First impressions can be crucial for a new signing, especially an expensive one from abroad. Given the excellent recruiting record of Arsène Wenger and his chief scout, Steve Rowley, Arsenal supporters are more patient than most, but even for them there is always the fear that £10 million or more may have been spent on another Marouane Chamakh.
So when Santi Cazorla, the chunky little Spanish midfielder signed from Malaga last summer, strode forward within minutes of his debut against Sunderland and hit such a fierce left-footed shot that the keeper was grateful merely to punch it up in the air, the Emirates buzzed with relief.
Accorded a standing ovation every time he took a corner, he was Man of the Match and has been a serious contender in every game since. At Liverpool he made and scored the goals in Arsenal's first win of the season and against Southampton (6-1) and Montpellier (2-1) last week he was outstanding again, the highlight being his link-up play with another of the summer signings, Lukas Podolski.
It could reasonably be argued that as a 27-year-old with 48 caps for a side as gifted as the modern Spain, Cazorla, at an initial £12.7m, hardly represented a gamble. He was never going to be one of those raw youngsters Wenger nurtured before selling on at a huge profit.
The one question, as with every foreign import, was how quickly he would adapt to the rhythms of the Premier League. "We very quickly saw Cazorla was not going to take six months to settle," Wenger said after that Liverpool game. Not even the most optimistic Arsenal fan could have expected anything like Martin Keown's assessment of the new man: Liam Brady and Cesc Fabregas rolled into one.
Between the Montpellier match and today's demanding assignment at Manchester City, Cazorla confirmed how easy it had been to find his talented feet. "I'm finding playing with the team really enjoyable, I like it," he said.
"As a team we can improve on some things. And we'll do that. It's very easy to adapt. The style of football that they have, I like and is good for my style of play. My team-mates support me very well. And so I'm very happy. The fans have been fantastic and I intend to ensure that they are happy with my work. The truth is this has been a fantastic move for me."
He made the switch after a single season at Malaga, the Spanish club having signed him from Villarreal thanks to heavy Qatari investment, which suddenly dried up this summer and led to the coach, Manuel Pellegrini, describing Cazorla's fee as a "giveaway".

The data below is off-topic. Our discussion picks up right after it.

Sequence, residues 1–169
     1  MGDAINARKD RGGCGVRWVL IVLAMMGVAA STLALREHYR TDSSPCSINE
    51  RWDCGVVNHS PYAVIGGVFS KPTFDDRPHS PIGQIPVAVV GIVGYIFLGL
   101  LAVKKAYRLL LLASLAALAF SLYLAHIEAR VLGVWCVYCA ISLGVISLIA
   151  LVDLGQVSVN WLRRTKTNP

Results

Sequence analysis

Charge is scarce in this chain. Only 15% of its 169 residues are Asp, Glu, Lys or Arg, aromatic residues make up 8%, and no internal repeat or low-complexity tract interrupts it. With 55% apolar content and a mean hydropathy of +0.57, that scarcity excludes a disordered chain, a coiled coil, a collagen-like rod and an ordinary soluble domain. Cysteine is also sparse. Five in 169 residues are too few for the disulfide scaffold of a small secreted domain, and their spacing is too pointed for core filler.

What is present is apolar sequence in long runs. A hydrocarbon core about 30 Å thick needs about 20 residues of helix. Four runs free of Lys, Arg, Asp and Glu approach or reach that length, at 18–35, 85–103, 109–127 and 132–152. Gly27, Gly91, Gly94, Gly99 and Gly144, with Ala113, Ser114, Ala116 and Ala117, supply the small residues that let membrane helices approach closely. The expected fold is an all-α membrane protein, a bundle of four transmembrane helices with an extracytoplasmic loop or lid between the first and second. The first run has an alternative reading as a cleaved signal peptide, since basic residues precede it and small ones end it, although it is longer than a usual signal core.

He had been very much a Villarreal man, staying for the best part of nine years, and helping them become regular Champions' League contestants – although he was injured for the 2006 semi-final in which Arsenal knocked them out thanks to Jens Lehmann's late penalty save.
Part of adapting to English football is always assumed to be the physical aspect, but Cazorla has not found that a problem, even with his size. "There are lots of small players like David Silva, Juan Mata, myself. The Premier League might be a stronger style, with taller players, but it's not a change. In Spain and in all leagues there are strong players as well.
"You have to adapt to the physical side of the Premier League but I like that. It was never difficult for me, even as a youth. Ultimately football is played with the ball and isn't dependent on your height or strength. I haven't really come across a difference between Spain and England."
The difficulty of an away fixture against the champions is universal. What does he know about Manchester City? "I know they are the favourites, no? They have a really great team, really good players. It's going to be a very complicated game and we're going to have to do things very well, keeping possession, because it will be very, very difficult to pick up points at City's ground."
What he has seen so far from an Arsenal team that has conceded only twice in five games convinces him that they can be serious challengers for the title: "Well, we believe so. Listen, the objective is to fight for it. It's clear there are lots of great teams, not just City. The objective is to win it and be there fighting right until the end."
Financial doping? Mancini defends transfer spending
Manchester City's manager Roberto Mancini has again defended his club's transfer spending against criticism from Arsenal's Arsène Wenger, who has referred to it as financial doping. In a busy summer window, City spent roughly twice as much as they brought in by adding players like Javi Garcia, Jack Rodwell and Scott Sinclair.
"Every team plays with 11 players," Mancini said. "If we want to stay at the top with all of the other teams that have spent a lot of money in the last 10 years – a lot, a lot, a lot – I think that we need to improve sometimes and buy top players." But he admits that Arsenal, who more or less broke even after selling Robin van Persie and Alex Song for £49m, bought well in acquiring Santi Cazorla, Lukas Podolski and Olivier Giroud.
Manchester City v Arsenal is on Sky Sports 1 today, kick-off 4pm